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It’s a good idea to select a sink made with durable material that will look as good in 20 years as it does today.

Be Smart About Your Kitchen Sink

(NAPSI)—You may never have thought about it, but the most used appliance in your kitchen is likely the sink—it’s where
people spend 60 percent of their time.

What To Look For In The Kitchen Sink (Besides the Dishes)
Here are four hints to help you select the correct sink:
1. Conquer space. You don’t want the sink to be so small as to be nearly useless or so big as to overpower the rest of the
kitchen. Single basins give you more room, a double basin offers flexibility. Standard depth is 8 inches though it can range
from 6 to 11 inches. If you use large or awkward cookware, select a sink to fit your needs. Deep bowls are handy for soaking
pans and you’ll be less likely to splash, but they use more space and there’s less room underneath them. By contrast, ADA accessible sinks are no deeper than 5.5” deep to allow room underneath for a wheelchair and less height for a seated user.
2. Ergonomics and convenience. Make sure the sink is set at a height at which you’ll be comfortable when you’ve got a
lot of dishes to wash. Consider whether you want a garbage disposal, as well as a hot water dispenser that can provide water
up to 190° F for instant soups, sauces and hot drinks. Also, where should the drain go? Most are in the middle but one toward
the back of the sink gives you more surface area and also moves plumbing out of the center of your cabinet to give you more
room underneath.
3. Looking good. The right combination of sink and faucet creates an ambience that matches your home’s style.
4. Sturdy, reliable material. The most popular material for kitchen sinks today remains stainless steel. Because of its
flexibility, stainless steel sinks are available in a wide variety of sizes, styles and types. Stainless steel is heat, stain and chip
resistant. However, it can scratch and show fingerprints.
To help, one of the world’s leading providers of high-quality kitchen sinks and faucets developed a unique material innovation; a specially finished stainless steel surface that is scratch and fingerprint resistant and twice as strong as conventional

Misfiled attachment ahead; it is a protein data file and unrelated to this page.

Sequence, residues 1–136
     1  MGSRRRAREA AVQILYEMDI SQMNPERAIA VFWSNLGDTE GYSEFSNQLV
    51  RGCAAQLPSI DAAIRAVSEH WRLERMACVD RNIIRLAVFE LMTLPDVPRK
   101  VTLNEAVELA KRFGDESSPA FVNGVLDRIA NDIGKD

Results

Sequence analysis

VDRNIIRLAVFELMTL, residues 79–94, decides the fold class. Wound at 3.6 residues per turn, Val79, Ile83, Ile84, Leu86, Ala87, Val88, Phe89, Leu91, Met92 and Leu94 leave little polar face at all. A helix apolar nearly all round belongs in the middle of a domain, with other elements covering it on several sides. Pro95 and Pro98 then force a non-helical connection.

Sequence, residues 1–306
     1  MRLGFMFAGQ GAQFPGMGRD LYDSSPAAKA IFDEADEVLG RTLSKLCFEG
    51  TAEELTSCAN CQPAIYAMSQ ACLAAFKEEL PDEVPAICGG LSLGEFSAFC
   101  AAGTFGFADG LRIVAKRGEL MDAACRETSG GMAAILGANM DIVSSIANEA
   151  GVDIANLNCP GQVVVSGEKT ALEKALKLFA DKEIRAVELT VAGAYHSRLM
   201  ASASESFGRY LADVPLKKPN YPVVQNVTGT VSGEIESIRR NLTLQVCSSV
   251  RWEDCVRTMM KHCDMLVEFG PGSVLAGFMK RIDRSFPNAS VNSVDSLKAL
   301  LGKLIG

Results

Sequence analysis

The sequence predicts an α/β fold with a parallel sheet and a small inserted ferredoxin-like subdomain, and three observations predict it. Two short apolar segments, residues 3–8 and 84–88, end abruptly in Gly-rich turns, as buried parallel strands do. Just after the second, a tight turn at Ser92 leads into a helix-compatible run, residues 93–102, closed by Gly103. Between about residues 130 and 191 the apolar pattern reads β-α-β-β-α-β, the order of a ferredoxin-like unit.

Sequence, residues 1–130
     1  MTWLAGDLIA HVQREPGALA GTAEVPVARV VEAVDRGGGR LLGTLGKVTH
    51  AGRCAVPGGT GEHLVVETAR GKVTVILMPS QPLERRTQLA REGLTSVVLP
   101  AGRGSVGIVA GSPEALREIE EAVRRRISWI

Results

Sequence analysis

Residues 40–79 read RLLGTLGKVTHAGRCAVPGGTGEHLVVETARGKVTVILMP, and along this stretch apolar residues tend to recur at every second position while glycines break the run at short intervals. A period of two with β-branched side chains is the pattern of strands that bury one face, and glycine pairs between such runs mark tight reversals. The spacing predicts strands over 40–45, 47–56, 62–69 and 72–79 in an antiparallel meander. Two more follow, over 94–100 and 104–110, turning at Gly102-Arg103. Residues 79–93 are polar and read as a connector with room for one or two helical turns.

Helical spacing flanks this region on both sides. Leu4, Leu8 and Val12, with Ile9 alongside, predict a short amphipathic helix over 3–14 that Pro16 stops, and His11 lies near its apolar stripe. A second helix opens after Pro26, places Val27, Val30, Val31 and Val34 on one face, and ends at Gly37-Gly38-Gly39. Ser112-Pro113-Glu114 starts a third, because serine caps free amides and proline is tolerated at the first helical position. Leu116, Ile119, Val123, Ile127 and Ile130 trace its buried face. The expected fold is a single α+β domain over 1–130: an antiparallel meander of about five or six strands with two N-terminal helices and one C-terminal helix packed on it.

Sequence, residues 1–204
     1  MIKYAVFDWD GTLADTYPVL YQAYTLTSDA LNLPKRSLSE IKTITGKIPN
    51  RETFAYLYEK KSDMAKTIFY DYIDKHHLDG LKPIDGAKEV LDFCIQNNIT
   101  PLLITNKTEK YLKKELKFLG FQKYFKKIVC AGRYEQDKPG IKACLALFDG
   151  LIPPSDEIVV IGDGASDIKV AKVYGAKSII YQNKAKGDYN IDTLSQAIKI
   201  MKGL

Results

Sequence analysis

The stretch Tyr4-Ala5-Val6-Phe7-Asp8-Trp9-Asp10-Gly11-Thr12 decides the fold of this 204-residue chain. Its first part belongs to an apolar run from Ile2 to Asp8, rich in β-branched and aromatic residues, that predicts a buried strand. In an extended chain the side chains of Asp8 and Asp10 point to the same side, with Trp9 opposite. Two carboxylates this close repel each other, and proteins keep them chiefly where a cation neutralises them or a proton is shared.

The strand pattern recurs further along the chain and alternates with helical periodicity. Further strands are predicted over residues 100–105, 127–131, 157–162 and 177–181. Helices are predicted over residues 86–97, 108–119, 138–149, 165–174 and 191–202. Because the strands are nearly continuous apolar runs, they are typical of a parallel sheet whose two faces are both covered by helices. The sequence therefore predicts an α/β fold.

stainless steel. Called DURINOX, it was created using technology inspired by the aerospace industry.
Another material increasingly used in sinks is granite or quartz composite. These are made from crushed stone mixed with
a resin filler, in an average ratio of 80 percent stone to 20 percent resin. This combination produces a material that shares aesthetic qualities with real granite or quartz without the maintenance and durability issues associated with solid stone sinks. It
also allows for a range of colors so it can pair well with a variety of natural stone and granite countertops.
Composite sinks are tough and highly resistant to stains and scratching, and more durable than quartz. Leading granite
composite sinks, such as SILGRANIT, also from BLANCO, boast heat resistance up to 536° F, exceptional cleanability with
hydrophobic finishes, and resistance to household acids and alkali solutions. It comes in eight on-trend colors: anthracite,
biscotti, biscuit, café brown, cinder, metallic gray, truffle and white.
Learn More
For further facts, go to

(Menards) Few changes to a room or
home can refresh quite like a new coat of
paint. You don’t really need to use a big
decorating budget or hire a professional
to get professional results
Prep the Walls
Lightly sand before you start to smooth
uneven spots of clumps created the last
time the walls were painted. Sanding also
helps new paint stick better.
Don’t Skimp on Tape
It’s worth buying new, quality painters tape to obtain the clean lines professionals are known for. For a couple more
dollars, it’s worth it to buy higher quality
Shake Things Up
If your paint isn’t completely mixed,
you won’t get a uniform color on walls.
A mixing stick alone may not do the job,
instead put the lid on the paint can and
hold it tightly in place with your thumbs.
Then, shake the paint can up and down
for a couple minutes.
Consider Skipping Primer
Many paints have the primer built in
these days. If you’re making a dramatic
color change from a dark purple to a light
blue, or painting new drywall that hasn’t
been painted before, you will need to use
primer, otherwise you can save yourself
some work by skipping the primer.
Follow a Paint Plan
The ceiling should be the first thing you
paint as it can easily spill or splatter on
walls or trim. Next you should paint the
trim boards because you won’t have to
worry about taping off the wall, painting
the wall becoming the last step.
Don’t Dilly Dally
When painting walls, use a brush to
paint a border at the corners but don’t
wait too long to paint the walls with a
roller as this might cause a bit of a contrast in the colors.
Consider Two Coats
Regardless if you choose one-coat
paint or not, you may not evenly cover
every square inch of the surface. Therefore, to obtain a more even, rich finish you
might want to add a second coat.
Remove Tape ASAP
Once you’re finished painting, gently
pull off the painters tape at a 90-degree
angle as soon as possible. As a general
rule, if you leave the tape on a wall too
long, there’s a greater chance that the
paint will come off with the tape.


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